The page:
Editor's note: This article is part of Construction Dive's 50 States of Construction series, in which we talk with industry leaders across the U.S. about the business conditions in their market.
There's no denying the draw of Sin City. Casinos, resorts and entertainment options have made the Las Vegas Strip the most-visited tourist attraction in the world.
However, the Great Recession sent construction activity in the booming Las Vegas market to a crashing halt. Developers stopped work on large-scale hospitality and gaming projects as they saw funds dry up and demand dwindle. Building activity has failed to fully recover in the city, as owners and construction teams wait for a new, massive project to serve as a catalyst for the market.
Today, local contractors aren't optimistic about just one potential project — they have their eyes on three. The planned Raiders stadium, convention center expansion and Wynn Paradise Park projects are all currently in the works. Progress on any of those three undertakings could have huge implications for the local construction market — not just as a boost in activity, but also as a potential source of strain on the labor market.
Tutor Perini Building, a division of Tutor Perini, has an extensive history on the Las Vegas Strip, including serving as the general contractor for the Cosmopolitan and the Wynn Encore. The company is paying close attention to those three planned projects as it awaits its own chance to potentially tackle the next big addition to the Strip. While Tutor Perini has also worked in northern Nevada cities like Reno, Las Vegas accounts for the vast majority of its work in the state.
Construction Dive spoke with Travis Burton, regional vice president at Tutor Perini Building, about the current environment of anticipation among members of the Las Vegas construction community, as well as the unique aspects of building on the Strip and the potential ramifications of a sudden jump in construction activity.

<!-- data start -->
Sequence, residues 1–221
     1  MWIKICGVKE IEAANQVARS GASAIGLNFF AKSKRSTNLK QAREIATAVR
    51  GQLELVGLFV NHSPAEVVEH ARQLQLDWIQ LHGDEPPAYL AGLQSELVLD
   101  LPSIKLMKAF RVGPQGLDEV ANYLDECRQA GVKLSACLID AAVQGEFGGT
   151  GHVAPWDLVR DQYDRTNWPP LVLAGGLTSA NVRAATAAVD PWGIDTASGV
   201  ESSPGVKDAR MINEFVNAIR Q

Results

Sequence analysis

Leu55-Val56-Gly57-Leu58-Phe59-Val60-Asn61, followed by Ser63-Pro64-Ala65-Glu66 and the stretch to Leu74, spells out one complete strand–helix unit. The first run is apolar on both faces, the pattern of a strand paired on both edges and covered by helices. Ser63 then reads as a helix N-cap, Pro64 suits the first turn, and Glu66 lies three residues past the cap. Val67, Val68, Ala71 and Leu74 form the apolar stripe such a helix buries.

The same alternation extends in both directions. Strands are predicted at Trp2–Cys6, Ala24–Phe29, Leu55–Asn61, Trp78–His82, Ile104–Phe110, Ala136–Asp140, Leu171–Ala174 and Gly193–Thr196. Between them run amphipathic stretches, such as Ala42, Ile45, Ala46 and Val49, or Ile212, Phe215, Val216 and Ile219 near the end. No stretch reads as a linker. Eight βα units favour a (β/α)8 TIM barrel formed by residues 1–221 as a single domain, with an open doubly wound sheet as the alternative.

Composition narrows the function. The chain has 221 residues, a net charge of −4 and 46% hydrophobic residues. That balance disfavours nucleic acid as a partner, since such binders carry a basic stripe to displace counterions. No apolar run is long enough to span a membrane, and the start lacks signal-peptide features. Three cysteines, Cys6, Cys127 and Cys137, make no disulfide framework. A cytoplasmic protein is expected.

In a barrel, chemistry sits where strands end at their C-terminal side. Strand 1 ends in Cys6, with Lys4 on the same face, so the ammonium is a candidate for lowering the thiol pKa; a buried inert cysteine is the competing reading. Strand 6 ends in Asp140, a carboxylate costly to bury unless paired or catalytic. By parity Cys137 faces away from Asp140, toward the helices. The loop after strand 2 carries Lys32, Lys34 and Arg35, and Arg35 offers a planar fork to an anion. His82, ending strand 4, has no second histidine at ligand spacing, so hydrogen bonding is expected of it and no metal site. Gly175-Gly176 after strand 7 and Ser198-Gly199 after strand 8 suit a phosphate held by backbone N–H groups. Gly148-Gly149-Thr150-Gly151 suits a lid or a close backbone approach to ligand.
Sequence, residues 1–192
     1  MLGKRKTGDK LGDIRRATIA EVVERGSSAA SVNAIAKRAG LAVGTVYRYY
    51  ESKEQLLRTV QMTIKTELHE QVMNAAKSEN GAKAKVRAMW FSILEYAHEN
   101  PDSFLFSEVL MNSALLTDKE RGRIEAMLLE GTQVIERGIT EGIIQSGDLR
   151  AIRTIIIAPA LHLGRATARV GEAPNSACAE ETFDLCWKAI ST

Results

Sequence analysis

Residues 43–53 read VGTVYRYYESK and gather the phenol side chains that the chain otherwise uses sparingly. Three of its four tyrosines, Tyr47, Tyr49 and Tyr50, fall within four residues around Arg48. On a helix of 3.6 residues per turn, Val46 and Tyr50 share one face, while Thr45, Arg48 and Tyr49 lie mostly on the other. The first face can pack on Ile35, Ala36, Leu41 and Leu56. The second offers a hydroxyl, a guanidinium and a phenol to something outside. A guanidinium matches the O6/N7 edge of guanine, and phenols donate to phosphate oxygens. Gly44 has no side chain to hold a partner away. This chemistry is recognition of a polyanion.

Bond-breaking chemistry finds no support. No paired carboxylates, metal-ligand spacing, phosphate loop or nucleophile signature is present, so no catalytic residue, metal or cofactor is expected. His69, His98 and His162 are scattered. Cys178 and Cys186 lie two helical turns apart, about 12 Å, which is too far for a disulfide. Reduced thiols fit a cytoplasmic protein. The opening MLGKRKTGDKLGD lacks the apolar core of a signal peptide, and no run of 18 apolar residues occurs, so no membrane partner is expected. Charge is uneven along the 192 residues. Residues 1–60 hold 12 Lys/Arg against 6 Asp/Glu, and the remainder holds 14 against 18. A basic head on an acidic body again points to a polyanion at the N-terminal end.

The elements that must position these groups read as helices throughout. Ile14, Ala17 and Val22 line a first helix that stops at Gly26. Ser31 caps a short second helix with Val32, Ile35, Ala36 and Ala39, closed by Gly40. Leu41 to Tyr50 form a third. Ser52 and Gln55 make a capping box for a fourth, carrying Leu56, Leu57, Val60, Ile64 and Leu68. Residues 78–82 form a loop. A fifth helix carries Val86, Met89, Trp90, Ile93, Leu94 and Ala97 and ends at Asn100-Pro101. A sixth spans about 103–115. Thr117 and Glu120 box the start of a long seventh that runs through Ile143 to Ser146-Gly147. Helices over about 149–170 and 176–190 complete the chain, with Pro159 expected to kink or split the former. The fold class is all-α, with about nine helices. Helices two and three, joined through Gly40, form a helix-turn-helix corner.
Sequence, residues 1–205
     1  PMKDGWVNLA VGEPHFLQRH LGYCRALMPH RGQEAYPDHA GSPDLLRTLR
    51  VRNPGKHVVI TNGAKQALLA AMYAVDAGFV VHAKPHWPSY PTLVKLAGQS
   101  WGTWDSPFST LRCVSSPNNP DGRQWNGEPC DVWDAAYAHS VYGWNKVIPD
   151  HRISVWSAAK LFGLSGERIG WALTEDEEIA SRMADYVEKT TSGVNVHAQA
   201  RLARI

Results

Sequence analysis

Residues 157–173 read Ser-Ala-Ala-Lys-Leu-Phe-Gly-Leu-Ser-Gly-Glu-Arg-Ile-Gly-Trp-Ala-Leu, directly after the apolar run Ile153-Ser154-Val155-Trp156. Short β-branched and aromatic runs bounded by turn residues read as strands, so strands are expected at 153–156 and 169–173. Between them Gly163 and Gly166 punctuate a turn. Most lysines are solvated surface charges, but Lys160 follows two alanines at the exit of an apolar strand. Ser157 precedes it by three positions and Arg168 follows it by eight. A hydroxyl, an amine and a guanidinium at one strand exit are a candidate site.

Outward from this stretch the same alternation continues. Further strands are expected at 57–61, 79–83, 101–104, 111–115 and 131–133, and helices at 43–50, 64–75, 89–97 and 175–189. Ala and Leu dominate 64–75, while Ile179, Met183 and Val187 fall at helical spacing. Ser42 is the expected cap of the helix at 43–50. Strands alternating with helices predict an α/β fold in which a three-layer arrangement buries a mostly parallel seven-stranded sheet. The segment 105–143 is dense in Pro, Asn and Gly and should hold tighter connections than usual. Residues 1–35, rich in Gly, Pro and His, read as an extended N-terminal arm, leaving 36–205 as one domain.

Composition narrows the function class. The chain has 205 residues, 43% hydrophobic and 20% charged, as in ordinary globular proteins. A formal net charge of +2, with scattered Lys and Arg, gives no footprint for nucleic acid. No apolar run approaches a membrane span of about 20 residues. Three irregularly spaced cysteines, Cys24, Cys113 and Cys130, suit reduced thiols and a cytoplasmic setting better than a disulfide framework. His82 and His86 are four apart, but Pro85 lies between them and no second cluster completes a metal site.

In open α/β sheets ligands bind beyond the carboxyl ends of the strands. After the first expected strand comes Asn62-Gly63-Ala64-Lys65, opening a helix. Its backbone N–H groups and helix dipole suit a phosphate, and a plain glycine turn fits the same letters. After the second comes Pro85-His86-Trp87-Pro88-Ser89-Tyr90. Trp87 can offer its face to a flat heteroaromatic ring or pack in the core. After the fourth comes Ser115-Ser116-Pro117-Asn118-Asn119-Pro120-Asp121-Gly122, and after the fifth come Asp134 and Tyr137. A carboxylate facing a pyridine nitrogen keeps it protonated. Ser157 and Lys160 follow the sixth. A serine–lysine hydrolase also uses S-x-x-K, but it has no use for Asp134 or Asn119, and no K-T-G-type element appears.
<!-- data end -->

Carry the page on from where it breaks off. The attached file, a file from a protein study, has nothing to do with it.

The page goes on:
Editor's note: This interview has been edited and condensed.
How would you describe the current market in Nevada?
BURTON: The market in Nevada has been pretty up and down since the 2008–2010 time period, or what we refer to as the crash. There’s been some work going on — room remodels, smaller projects — but nothing of any substance in the building side of things relative to new hotels, casinos or the kind of work that we do here.
Do you expect that to change soon?
BURTON: We expect it to change, and we’re very hopeful that it is on the cusp of changing. The Nevada Legislature passed Senate Bill 1 [in October 2016], which was an effort to provide some portion of the funding through hotel tax revenues to build the Raiders stadium and to have the Raiders relocate to Las Vegas. That bill also established a tax district for the [expansion] of the new convention center that is going to sit down on the Las Vegas Strip. That bill was a key component in order to continue the momentum for the stadium, and it established the means to pay for the convention center.
With those large projects, we believe that there are some other large hotel/casino projects that are going to move forward. There’s been a few of them that have been hanging around for several years that have been stagnant since that time period. The Wynn just announced that they are intending to move forward with Paradise Park, which is a $1.5 billion development behind the Encore [Resort]. With those three large-ticket opportunities here in Nevada, we’re very optimistic in terms of work.
How did the recession and subsequent halt in projects impact Tutor Perini?